• launched the Emergency Services and Victims of Crime Interpretation Bank;
    • facilitated 220 interpretation sessions through the legal and victims of crime interpretation banks; and
    • facilitated interpretation for 222 LEP/NEP/Deaf and Hard of Hearing individuals.

  • History:
  • Ayuda envisions a community where all immigrants overcome obstacles and thrive in the United States. Our mission is to advocate for low-income immigrants through direct legal, social and language services, education, and outreach, in the Washington, D.C. metropolitan area.
    Ayuda began in 1971 as a general civil legal clinic at The George Washington University Law School and became a separate nonprofit corporation in 1973. In response to political turmoil in Central America in the 1980s and the immigration reforms of 1986, Ayuda shifted focus to meet the rising need for immigration services. Thereafter, due to the unique needs of immigrant survivors of domestic violence, Ayuda launched a Domestic Violence Program and was a strong voice in the development of the Violence Against Women Act. Ayuda is a legal trailblazer working with children, one of the first agencies in the country to successfully petition for Special Immigrant Juvenile Status for youth, and is often called upon to provide expert opinion in children's cases.
    In 2007, Ayuda launched a Community Legal Interpreter Bank (CLIB) to ensure that low-income, limited English speaking, and deaf/hard of hearing individuals can access justice in the language they know best. The CLIB is the first interpreter program in the United States to provide professional training to interpreters on attorney-client relationship and legal representation. The Bank now serves 27 legal services providers and includes 100 legal interpreters that speak more than 40 languages (including American Sign Language). Ayuda was also proud to launch the Emergency Services and Victims of Crimes Interpretation to ensure that victims service providers have the means to offer their services and that clients understand what is transpiring whether they are being attended during forensic examination, receiving emergency medical care, or reporting crimes to investigators.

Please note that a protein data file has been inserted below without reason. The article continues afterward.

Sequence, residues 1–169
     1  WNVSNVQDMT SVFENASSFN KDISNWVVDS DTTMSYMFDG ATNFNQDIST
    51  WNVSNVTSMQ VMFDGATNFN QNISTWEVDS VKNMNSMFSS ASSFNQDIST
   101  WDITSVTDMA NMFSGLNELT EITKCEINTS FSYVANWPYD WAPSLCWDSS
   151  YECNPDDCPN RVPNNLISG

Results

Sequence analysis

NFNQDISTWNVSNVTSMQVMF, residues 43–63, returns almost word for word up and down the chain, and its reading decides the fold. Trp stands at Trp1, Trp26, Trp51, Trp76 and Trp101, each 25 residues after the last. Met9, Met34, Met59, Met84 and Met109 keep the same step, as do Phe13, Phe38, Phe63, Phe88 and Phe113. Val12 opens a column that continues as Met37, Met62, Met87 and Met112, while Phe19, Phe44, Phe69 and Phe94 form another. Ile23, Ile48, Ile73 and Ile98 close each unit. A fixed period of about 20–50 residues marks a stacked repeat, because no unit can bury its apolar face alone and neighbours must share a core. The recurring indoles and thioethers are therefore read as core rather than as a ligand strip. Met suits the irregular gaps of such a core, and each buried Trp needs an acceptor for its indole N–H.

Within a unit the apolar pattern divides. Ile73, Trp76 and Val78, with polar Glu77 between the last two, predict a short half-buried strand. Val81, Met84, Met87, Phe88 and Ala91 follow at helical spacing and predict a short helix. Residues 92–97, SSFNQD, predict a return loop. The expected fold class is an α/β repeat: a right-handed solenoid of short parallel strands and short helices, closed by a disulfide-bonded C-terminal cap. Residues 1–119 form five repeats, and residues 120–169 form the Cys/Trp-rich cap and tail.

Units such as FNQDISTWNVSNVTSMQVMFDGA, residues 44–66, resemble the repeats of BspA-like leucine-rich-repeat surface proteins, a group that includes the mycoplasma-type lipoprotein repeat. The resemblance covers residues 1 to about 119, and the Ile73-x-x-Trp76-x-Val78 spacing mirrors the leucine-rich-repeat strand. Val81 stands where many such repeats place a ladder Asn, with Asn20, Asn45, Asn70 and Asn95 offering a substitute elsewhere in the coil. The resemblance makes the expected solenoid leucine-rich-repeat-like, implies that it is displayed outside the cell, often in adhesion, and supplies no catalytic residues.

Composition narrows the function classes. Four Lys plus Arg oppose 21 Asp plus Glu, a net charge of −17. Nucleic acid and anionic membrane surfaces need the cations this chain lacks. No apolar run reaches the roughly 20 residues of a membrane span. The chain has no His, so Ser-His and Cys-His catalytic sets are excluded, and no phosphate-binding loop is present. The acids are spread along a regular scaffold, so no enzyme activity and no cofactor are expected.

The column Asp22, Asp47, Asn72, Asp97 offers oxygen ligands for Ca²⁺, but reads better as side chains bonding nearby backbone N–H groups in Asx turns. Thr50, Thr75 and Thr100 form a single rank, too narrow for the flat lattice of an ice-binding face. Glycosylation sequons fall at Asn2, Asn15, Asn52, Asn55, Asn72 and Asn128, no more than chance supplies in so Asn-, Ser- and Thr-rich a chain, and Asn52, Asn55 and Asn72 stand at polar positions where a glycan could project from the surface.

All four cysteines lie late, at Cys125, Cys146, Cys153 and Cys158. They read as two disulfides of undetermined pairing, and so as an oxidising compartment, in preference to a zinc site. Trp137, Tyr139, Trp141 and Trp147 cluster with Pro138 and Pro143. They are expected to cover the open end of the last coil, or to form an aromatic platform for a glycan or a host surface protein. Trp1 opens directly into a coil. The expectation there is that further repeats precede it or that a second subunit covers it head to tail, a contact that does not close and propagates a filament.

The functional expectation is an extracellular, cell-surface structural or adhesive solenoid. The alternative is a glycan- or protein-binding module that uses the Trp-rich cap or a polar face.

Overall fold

Ayuda launched the first legal project in the country to serve victims of immigration consultant fraud (also known as “notario” fraud). Low-income immigrants, often desperate for assistance, fall prey to notarios públicos who pose illegally as licensed attorneys and charge immense fees for deceptive information that harm rather than help immigrant families seeking legal remedies.
    Through a 42-year history, Ayuda has been at the forefront of giving voice to immigrants, empowering individuals to lead safe violence-free lives, and transforming communities for the benefit of all.

  • Year established:1973
  • Endowment:Unknown


  • Executive / Trustee board size:9
  • Advisory board size:0
  • Staff size:36


  • Organization type:Grantseeker
  • Country of registration:United States
  • Tax Determination Letter:Received Determination Letter
  • IRS Section:501(c)(3)
  • IRS Subsection:None
  • Tax ID:52-0971440

Other Organization Web

IRS Business Master File Information

  • EIN:520971440
  • Organization Name:AYUDA
  • Sort (Secondary) Name:
  • Care Of Name:
  • Organization Address:6925B WILLOW ST NW
  • Organization City:WASHINGTON
  • Organization State:DC
  • Organization Zip:20012-2023
  • Group Exemption Number:0000
  • Subsection Code:03
  • Classification Code(s):1
  • Subsection/Classification Desc.:Charitable Organization
  • Affiliation Code:3
  • Ruling Date:August, 1973
  • Deductibility Code:1
  • Foundation Code:15
  • Foundation Code Desc.:Organization which receives a substantial part of its support from a governmental unit or the general public 170(b)(1)(A)(vi)
  • Activity Code(s):408, 462, 569
  • Activity Code Desc.(s):Community service organization, Legal aid to indigents, Referral service (social agencies)
  • Organization Code:1 (Corporation)
  • Exempt Org. Status Code:01 (Unconditional Exemption)
  • Tax Period:September, 2016
  • Filing Requirement Category:01 (990 (all other) or 990EZ return)
  • Accounting Period:September
  • NTEE Code:P840
  • Asset Amount:$1,165,255
  • Asset Code:6 ($1,000,000 - $4,999,999)
  • Income Amount:$3,162,355
  • Income Code:6 ($1,000,000 - $4,999,999)
  • 990 Revenue Amount:$3,147,005
  • Last Updated:2/18/2018 11:59:09 am

This information is directly from the IRS Exempt Organization Business Master File at Exempt Organizations Business Master File Extract. This information is not under the control of the Common Grant Application and is collected and compiled and can only be changed by the IRS.